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Beautifully Unfortunate

Lake Winnipeg, Manitoba

Credit: NextGen Environmental Research Inc. Contains modified Copernicus Sentinel-2 data, processed by ESA

Dr. Paul M. Cooley, NextGen Environmental Research Inc.

Only a satellite image can paint a picture this big that captures the beauty of today's natural landscape and the ill effects of more than a century of watershed development and tie it all up in a moment.

This image speaks volumes about the magnitude of harmful algal blooms on Lake Winnipeg, the world's 12th largest lake. We have settled, developed, and benefitted greatly from the Lake Winnipeg watershed. Yet, for most, this image conjures up feelings of beauty and alarm at the same moment, leaving us to ponder and realize that many things in life have two opposing sides. When we see something that we should not, no matter how beautiful, that moment of uneasy pause can be an awakening.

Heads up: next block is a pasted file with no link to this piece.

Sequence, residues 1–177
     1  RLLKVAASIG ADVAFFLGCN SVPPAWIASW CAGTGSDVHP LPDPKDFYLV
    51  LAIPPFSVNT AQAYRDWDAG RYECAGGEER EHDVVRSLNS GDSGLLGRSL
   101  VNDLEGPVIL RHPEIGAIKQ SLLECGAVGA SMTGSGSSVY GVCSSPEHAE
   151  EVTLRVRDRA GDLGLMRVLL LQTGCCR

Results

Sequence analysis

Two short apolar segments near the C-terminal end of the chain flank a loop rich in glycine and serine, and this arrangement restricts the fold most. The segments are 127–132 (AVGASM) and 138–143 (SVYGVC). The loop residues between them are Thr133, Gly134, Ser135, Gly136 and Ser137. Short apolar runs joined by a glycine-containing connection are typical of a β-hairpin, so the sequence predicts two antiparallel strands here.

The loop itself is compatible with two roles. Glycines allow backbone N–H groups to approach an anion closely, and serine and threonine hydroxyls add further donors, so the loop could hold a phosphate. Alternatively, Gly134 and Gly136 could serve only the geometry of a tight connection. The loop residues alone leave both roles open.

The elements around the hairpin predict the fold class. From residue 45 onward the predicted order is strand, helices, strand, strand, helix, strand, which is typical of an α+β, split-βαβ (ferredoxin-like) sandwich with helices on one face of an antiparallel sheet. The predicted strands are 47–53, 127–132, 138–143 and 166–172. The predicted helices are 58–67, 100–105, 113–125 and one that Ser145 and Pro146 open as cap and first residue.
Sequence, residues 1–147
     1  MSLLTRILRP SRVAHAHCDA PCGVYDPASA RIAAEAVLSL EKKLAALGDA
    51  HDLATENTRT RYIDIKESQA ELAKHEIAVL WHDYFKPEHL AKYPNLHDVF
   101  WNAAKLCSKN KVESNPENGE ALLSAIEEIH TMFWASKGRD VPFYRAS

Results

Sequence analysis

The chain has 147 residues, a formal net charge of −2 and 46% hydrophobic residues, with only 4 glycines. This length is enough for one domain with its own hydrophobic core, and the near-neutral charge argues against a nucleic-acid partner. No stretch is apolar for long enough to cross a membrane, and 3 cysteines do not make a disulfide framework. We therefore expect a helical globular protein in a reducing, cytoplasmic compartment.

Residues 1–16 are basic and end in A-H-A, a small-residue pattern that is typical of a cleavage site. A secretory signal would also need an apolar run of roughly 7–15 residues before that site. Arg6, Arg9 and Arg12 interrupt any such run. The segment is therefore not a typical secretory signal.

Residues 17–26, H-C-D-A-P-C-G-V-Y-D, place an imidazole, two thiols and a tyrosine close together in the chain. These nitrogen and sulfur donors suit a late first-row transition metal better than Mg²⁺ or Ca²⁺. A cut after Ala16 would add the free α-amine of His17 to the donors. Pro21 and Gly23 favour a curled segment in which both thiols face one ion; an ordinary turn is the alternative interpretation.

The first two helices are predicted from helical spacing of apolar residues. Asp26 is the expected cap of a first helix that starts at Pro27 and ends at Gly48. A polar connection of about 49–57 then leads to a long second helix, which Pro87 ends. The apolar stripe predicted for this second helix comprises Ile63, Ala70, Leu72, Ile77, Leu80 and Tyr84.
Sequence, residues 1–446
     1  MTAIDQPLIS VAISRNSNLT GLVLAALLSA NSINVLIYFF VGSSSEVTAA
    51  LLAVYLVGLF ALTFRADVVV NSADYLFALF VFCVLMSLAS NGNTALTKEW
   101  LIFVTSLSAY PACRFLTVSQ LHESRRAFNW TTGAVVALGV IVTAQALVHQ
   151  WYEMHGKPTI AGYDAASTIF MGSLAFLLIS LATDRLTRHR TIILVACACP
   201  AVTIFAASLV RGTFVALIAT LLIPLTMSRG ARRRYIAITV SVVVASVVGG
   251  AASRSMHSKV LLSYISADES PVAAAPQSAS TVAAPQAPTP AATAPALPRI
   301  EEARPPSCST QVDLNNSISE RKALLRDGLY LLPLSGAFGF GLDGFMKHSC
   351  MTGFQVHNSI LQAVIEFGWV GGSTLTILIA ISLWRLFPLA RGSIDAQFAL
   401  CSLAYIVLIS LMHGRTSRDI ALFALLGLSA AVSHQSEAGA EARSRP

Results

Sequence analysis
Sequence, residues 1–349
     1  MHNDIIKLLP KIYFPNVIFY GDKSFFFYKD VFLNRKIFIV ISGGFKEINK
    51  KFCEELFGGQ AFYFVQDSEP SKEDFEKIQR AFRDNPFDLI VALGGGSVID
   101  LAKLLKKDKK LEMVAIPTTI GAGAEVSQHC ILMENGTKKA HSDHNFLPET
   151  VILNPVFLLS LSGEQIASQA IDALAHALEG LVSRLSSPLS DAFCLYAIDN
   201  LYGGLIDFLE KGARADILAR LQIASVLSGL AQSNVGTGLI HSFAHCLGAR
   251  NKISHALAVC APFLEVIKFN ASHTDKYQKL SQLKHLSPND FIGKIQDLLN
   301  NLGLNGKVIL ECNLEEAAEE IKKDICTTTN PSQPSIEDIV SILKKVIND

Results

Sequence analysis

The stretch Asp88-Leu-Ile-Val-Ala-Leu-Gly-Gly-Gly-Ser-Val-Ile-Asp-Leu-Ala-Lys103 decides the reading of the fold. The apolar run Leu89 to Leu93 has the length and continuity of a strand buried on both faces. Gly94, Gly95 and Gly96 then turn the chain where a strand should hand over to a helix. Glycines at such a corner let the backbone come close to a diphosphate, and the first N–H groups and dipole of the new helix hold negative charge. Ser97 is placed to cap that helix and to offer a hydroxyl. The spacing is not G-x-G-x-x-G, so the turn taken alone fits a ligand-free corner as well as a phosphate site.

Many astronauts have said that seeing Earth from space changed the way they think about how we should treat our planet. For the rest of us, satellite images enable us to observe Earth in beautiful and important ways that, hopefully, will help us to find balance with our environment sooner.

This satellite image reveals a beautiful and unfortunate imbalance. Now, we all are witness to a call for action.

Sentinel-2 natural colour composite of the north basin was captured , at 10-metre resolution. Green areas are algal blooms. Dark areas are relatively clear water. Bright water areas are strongly reflective due to suspended sediments near the surface. Sediment plumes leave the lake through Two-Mile Channel and Playgreen Lake, heading north towards the Nelson River and Hudson Bay.

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